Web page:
Broomcorn is in the same genus as the sweet sorghum we use for grain and syrup. Its purpose is more serviceable, however. The plant produces big, fluffy seed heads that resemble the business end of a broom. Does that give you a clue as to what to do with broomcorn?
Some tips on harvesting broomcorn will get you in a crafty mood.
What to Do with Broomcorn
Our ancestors didn’t have the ability to go to a hardware or big box store to pick up cleaning tools. They had to get creative and make their own. Consider the modest but indispensable broom. These were handmade from wild or cultivated plants such as broomcorn. There are more broomcorn uses, though, than just this practical device.
People who like fun and useful crafts make their own brooms from broomcorn even today. It is a fairly easy plant to grow, but you need about 60 seed heads per broom. These need to be unbroken and sturdy. If you just want to make one broom, a small plot is all you need, but the plants can grow up to 15 feet (about 4.5 m.) high.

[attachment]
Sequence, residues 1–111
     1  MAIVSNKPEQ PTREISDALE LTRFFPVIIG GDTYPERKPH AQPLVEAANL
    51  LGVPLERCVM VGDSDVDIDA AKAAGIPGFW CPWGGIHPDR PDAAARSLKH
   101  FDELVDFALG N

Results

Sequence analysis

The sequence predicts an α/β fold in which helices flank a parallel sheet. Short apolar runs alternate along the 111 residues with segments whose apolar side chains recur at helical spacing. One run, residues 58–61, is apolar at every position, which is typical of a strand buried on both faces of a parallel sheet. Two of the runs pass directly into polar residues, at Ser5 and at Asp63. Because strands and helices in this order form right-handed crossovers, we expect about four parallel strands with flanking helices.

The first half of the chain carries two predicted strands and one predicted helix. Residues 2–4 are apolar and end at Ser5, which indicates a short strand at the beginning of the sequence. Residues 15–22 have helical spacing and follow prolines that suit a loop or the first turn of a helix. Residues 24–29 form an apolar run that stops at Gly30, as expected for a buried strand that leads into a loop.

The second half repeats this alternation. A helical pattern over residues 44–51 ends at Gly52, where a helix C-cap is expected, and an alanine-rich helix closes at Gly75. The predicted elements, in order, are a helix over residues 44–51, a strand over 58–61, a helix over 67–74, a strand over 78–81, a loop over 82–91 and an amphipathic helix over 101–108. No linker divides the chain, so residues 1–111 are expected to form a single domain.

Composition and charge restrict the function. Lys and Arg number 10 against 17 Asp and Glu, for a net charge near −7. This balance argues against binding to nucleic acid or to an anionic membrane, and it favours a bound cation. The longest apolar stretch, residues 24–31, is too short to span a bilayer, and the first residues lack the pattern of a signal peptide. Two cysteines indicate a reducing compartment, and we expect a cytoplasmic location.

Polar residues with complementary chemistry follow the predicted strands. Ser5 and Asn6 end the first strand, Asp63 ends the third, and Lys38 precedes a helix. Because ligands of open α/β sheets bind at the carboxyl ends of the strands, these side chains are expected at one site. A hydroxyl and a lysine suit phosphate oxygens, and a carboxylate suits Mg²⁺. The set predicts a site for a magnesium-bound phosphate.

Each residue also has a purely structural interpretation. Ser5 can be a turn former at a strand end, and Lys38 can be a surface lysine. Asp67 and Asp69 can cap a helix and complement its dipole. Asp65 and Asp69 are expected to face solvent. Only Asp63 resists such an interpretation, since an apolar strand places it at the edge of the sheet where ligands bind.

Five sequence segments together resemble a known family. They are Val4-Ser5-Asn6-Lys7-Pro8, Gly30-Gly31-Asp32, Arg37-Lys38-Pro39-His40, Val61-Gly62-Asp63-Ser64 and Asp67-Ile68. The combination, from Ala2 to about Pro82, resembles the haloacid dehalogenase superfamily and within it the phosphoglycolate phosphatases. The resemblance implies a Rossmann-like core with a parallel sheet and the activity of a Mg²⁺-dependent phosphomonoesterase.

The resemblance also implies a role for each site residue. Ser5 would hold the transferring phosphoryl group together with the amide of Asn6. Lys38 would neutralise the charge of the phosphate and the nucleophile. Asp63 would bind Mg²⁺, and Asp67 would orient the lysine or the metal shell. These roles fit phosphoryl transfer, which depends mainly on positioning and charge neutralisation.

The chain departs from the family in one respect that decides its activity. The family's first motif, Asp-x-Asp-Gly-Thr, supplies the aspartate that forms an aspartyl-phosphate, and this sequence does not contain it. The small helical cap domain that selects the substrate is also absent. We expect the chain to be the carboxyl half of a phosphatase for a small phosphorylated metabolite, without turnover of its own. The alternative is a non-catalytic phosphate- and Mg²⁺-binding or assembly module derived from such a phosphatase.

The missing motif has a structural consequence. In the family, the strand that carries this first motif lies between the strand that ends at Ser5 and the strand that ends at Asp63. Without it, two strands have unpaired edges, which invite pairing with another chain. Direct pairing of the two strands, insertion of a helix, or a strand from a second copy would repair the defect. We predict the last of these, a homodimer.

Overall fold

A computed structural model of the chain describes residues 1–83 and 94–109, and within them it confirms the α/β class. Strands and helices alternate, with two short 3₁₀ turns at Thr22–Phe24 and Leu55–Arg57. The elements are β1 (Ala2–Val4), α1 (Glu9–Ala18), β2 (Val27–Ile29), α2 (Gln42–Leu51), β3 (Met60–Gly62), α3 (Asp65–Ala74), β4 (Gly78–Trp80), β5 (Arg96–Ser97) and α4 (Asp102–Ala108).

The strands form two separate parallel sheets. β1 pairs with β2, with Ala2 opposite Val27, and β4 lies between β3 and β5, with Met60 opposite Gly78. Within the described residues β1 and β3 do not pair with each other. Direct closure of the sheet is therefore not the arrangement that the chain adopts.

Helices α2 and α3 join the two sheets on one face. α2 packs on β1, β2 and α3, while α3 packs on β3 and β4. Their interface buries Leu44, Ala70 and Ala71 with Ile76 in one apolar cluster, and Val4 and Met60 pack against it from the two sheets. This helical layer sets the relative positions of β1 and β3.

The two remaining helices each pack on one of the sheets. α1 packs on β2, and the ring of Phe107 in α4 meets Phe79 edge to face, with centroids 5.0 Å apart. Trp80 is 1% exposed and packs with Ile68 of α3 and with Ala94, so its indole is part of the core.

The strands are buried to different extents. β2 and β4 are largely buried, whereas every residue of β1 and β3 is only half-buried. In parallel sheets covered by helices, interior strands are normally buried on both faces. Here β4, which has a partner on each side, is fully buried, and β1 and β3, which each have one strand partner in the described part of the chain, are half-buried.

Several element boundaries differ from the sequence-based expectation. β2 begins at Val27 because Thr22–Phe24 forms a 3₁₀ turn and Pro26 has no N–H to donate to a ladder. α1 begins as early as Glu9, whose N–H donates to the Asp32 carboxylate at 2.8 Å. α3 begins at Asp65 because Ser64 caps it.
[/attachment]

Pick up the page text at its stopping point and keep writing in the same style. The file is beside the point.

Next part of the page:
The plant needs similar conditions to corn and a long growing season. It was once grown as feed for animals as well as broom use. Today, using broomcorn for crafts seems to be all the rage.
Using Broomcorn for Crafts
Outside of brooms, the fibrous seed heads are also used as whisks, in floral arrangements, wreaths, swags, baskets, and autumn displays. Broomcorn can be found in its natural greenish hue or in dyed colors.
It could feature prominently in the décor – table displays and even bridal bouquets in fall weddings. It can be found in bundles at farmer’s markets, craft stores, floral outlets, and even in nurseries where it is sold to attract and feed wild birds.
For any of these broomcorn uses, the stalks must be thoroughly and carefully dried to prevent damaging the tasseled tops.
How to Harvest Broomcorn
If you are growing the plant yourself for the first time, the harvesting process is important. The plant goes from yellow to pea green when it is time to harvest.
Walk backwards through the patch and break stalks in half, laying the broken parts over each other. The process of harvesting broomcorn is called tabling because looking out over the field, it seems to look like a big table.
After several (hopefully dry) days in the field, each stalk is cut, brought indoors, and laid over screens to finish drying. Bundle the dry stalks and hang them to preserve the seed heads until ready for use.